Guide to Bicycle Touring in Southeast Asia
Southeast Asia serves up everything you’d wish for in a cycling adventure abroad: alluring landscapes, challenging terrains, delectable and diverse cuisines plus a fascinating mix of people, all set against a rich and abundant historical and cultural backdrop. Locals are friendly, prices reasonable (some say ridiculously cheap) and bureaucracy minimal.
If you’re new to cycle touring or haven’t traveled abroad much, Southeast Asia is a great place to gain experience and build confidence before dashing off to more daunting destinations like Central Asia, the Andes or Africa. Stick to the classic routes and you’ll find plenty of perfectly paved roads, comfortable guesthouses, and a good variety of restaurants without having to compromise on outstanding scenery or interesting rides.
Intrepid bicycle travelers who delight in dirt roads and discovering spots where stunned locals still stop to gawk at the sight of a sweaty tourist trundling along a rutted jungle track are equally well catered for. Throughout Southeast Asia, you’ll find it’s surprisingly easy to access rugged and remote areas barely touched by tourism. Even in a country like Thailand that attracts 16 million foreign visitors a year, it’s possible to cycle for weeks without seeing another foreign face.
If you’re flying in to the region the best transport hubs are Bangkok, Kuala Lumpur, Singapore and Bali. If beginning your trip in Thailand, check into the possibility of flying into Chiang Mai, it’s a much easier city to navigate than Bangkok. Kuala Lumpur is a particularly perilous city for cyclists so consider getting public transport out of the metropolitan area into more rural surroundings.
The region is generally hot and humid year round except in highland areas where the weather varies from warm and pleasant to decidedly cool. The wettest part of the year in most of the region is between June and October.
Rain tends to fall fast and furious in Southeast Asia and you’ll want to duck for cover inside the nearest thatched hut, under a highway overpass or slip into a restaurant for a steaming bowl of noodle soup.
December – February sees cooler temperatures, with the changes more pronounced the farther you are from the equator. This is the best time, weather-wise, to cycle the region. By early March things start heating up considerably and, after a sweltering day in the saddle, you just might be more than willing to a splurge on an air-conditioned room.
By eating in local restaurants, camping some of the time and watching your beer and banana shake intake, careful budget cyclists can get by on around $10/day. Double that and you can travel comfortably without keeping a sharp eye on every Bhat and Kip that escapes from your handlebar bag. With a budget of $35-$50/day you can easily enjoy mid-range hotels with en-suite facilities, treat yourself to the best restaurants and enjoy your fill of Beer Lao.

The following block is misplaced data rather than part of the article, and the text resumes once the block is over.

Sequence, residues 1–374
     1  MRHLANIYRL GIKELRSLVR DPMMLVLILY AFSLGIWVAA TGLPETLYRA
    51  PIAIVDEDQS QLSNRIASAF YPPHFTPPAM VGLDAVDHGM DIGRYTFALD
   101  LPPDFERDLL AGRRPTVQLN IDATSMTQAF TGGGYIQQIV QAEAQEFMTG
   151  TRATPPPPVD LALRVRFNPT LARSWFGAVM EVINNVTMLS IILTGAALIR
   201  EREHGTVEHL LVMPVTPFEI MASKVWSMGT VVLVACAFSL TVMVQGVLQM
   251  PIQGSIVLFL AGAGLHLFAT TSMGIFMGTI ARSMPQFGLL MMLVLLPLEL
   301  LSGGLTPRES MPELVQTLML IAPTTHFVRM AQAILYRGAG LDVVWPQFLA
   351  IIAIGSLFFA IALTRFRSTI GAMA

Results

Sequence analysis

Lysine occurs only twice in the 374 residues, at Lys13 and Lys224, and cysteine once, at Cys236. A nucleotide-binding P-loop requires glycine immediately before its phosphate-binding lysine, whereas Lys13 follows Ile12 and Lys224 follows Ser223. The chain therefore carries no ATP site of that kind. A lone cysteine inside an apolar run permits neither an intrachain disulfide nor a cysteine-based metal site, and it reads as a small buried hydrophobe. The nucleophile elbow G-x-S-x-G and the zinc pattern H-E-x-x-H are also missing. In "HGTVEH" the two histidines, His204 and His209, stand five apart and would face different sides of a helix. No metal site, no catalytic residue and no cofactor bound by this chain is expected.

Safety, hassles and minor annoyances
Southeast Asia is one of the safest and most hassle-free regions in the world. Border procedures are, for the most part, straightforward and corruption free. Theft is no more a problem than in Europe or North America and, unless you’re extremely unlucky, it’s highly unlikely you’ll fall prey to any scams or rip-offs targeting travelers. Overcharging is not commonplace outside of tourist areas, although it’s always good practice to ask prices before ordering meals. Traffic noise on main roads and in urban areas can be a serious issue, particularly in coastal Vietnam and Indonesia.
Expect warm smiles and friendly greetings throughout the region. In off-the-beaten-path places, curious crowds may gather to gawk. You’ll surely receive lots of thumbs-up as you tackle big climbs and spontaneous offers of cold drinks, snacks and even invitations home for a meal are common.
Internet cafes are slowly disappearing as more people have internet access at home, so consider traveling with a laptop or tablet. With the exception of Myanmar, Wifi is widely available in hotels, guesthouses and restaurants throughout the region. It seems everyone- from the farmer out plowing his field with a water buffalo to the businessman in the flashy SUV --has a mobile phone. 3G coverage is good and you’ll have no problem setting yourself up with a SIM card and local telephone number for a very reasonable fee.
While it’s always fun to pore over a paper map, cyclists are turning increasingly to GPS technology and online maps which provide more detailed information. This makes particular sense in Southeast Asia, where the countless minor roads connecting villages render the route options almost endless. Open Street maps are free, fairly reliable and can easily be loaded on your devices. Your best option for paper maps are those made by Reise Know-How and Nelles, but even these are not 100% dependable.
Your best source for route info may in fact be your fellow cyclist! Being such a popular touring destination, almost every corner of the region has been explored at some point. Roam around the Crazy Guy on a Bike website or Google some obscure route and you’re almost certain to come back with solid, up-to-date information.
Using the Poste Restante system, it’s possible to receive parcels in all Southeast Asian countries. Postal services in Thailand, Vietnam, and Malaysia are the most reliable. Another excellent option is to ask a Warm Showers or Couchsurfing host to receive the parcel for you.
Planes, Trains and Buses